Pharmacokinetic and Pharmacodynamic Interaction of aqueous extract of Cassia auriculata L. leaves and Metformin in rats.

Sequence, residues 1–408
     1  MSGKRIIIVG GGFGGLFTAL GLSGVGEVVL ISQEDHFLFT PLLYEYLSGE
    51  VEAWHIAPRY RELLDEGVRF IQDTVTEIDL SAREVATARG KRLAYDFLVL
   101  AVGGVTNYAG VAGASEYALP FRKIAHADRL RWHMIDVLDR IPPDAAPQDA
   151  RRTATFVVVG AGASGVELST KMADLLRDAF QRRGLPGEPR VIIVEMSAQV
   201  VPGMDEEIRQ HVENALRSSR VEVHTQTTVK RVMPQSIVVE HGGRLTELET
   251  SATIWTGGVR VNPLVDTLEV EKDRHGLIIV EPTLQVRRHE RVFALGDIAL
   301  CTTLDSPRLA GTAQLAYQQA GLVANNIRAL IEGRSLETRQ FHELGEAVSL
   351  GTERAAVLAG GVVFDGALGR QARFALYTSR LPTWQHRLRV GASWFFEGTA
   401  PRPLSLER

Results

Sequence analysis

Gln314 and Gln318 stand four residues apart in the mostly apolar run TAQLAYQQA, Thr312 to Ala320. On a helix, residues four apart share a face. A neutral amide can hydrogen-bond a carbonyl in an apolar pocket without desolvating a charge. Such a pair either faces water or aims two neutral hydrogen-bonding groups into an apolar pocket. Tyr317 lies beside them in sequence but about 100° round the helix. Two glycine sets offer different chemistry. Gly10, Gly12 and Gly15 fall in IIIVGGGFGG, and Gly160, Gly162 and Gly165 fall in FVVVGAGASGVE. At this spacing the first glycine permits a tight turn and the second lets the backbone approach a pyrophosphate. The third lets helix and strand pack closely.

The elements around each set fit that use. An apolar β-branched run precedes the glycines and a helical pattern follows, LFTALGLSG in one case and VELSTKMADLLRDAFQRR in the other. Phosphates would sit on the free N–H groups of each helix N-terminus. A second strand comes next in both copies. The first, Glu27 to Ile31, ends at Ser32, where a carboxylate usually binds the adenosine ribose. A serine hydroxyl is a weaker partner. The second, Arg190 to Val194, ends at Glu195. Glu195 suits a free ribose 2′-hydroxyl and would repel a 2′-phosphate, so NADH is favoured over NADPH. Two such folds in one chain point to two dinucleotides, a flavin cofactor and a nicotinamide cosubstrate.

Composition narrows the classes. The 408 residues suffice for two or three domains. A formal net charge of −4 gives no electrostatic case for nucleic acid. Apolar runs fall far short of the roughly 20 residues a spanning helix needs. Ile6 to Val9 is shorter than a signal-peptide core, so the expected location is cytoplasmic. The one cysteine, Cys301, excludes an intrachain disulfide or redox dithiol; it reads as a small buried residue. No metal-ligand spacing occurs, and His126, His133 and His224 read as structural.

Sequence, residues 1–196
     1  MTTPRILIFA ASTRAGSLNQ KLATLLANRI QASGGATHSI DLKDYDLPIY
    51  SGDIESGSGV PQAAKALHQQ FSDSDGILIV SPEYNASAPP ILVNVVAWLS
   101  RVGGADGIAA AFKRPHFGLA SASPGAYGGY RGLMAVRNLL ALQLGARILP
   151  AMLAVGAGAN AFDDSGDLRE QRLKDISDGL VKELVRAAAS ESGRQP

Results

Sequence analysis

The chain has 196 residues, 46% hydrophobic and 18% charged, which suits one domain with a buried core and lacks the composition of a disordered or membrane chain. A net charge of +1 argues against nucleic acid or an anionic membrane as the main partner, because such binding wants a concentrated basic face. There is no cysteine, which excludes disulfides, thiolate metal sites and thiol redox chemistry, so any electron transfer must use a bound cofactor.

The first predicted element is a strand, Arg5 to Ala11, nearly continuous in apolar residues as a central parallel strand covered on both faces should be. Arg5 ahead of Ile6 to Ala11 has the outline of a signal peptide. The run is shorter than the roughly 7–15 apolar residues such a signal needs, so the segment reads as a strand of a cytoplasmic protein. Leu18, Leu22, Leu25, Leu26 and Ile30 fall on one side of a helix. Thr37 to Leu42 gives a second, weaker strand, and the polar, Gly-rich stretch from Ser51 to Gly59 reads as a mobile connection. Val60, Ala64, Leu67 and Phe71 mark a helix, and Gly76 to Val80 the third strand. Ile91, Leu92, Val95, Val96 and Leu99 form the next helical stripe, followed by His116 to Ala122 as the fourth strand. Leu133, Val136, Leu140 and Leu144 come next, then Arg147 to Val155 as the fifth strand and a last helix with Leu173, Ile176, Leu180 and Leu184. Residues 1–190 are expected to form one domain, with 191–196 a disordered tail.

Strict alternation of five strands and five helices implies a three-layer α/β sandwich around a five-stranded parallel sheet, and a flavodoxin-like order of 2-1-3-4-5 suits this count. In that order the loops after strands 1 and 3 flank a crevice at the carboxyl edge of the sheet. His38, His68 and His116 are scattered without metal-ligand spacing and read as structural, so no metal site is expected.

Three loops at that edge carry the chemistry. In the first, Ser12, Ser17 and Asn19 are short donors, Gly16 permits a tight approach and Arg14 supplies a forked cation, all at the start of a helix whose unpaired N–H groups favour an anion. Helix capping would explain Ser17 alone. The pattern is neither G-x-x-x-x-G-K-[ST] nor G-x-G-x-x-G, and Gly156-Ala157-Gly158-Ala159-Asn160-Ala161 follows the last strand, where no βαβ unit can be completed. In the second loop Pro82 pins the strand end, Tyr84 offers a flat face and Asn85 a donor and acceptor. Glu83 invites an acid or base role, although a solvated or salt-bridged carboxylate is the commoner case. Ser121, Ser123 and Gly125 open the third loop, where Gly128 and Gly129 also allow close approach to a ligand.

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1. Introduction Cassia auriculata L. (CA) is profoundly used as a tonic, astringent, anti-diabetic, conjunctivitis and opthalmia in Ayurvedic medicine (Subhadradevi et al., 2011). It is one of the principle constituent of Avaarai panchaga chooranam; an Indian herbal formulation used in the treatment of diabetes to control the blood sugar level (Berman et al., 2001). Cassia species, are rich sources of polyphenols, anthraquinone derviatives, flavanoids, polysaccrides, saponins, tannins and steroids (Singh et al., 1980; Yen et al., 1998; Ayo et al., 2004), flavanoids, sterols/terpenoids and phenolic acids are known to be antidiabetic bioactive principles. Flavanoids are known to regenerate the damaged β cells in alloxan induced diabetic rats (Yasir M et al., 2012). Diabetes mellitus, caused by an absolute or relative deficiency of insulin or its function, lead to number of complications, it is emerging as the factor responsible for chronic disability and even death. Most of the secondary failures are observed with monotherapy and devastating long term consequence of poor glycemic control. Also it is always beneficial to switch over the patient on combination therapy. A reasonable goal of treatment is to maintain good glycemic control through combination therapy to keep the blood glucose level to near normal to particular patient. (Kuchake V. G, et al. 2009). The first choice of biguanide for the recently diagnosed diabetic patients is MT (MT). It acts by reducing hepatic glucose production and improving insulin sensitivity. Studies have suggested that administration of MT with phytoconstituents / herbal products presumably enhanced therapeutic effects (Dey et al., 2002), however sufficient data is lacking with respect to their p... ... middle of paper ... ...rmTech Research. 1 (1), 50-61. Mukherjee, et al. (2006) Lead from Indian medicinal plants with hypoglycemic potentials. Journal of Ethanopharmacology, 106 p.1-28. Singh J, et al. (1980). Anthraquinone and flavonoids of Cassia laevigata roots. Phytochemistry. 19 (6), 1253-1254. Subhadradevi V, et al. (2011). Antimicrobial Activity of Leaves and Flowers of Cassia auriculata linn. Bangladesh Journal of Scientific and Industrial Research. 46 (4), 513-518. Yasir M, etal, (2012). Hypoglycemic and Antihyperglycemic Effects of Different Extracts and Combinations of Withania coagulans Dunal and Acacia arabica Lamk in Normal and Alloxan Induced Diabetic Rats.Pharmacognosy Communications. 2 (2), 61-66. Yen GC, etal. (1998). Extraction and Identification of an Antioxidative Component from Jue Ming Zi (Cassia tora L.). Journal of Agriculture and food chemistry. 46 (3), 820-824.

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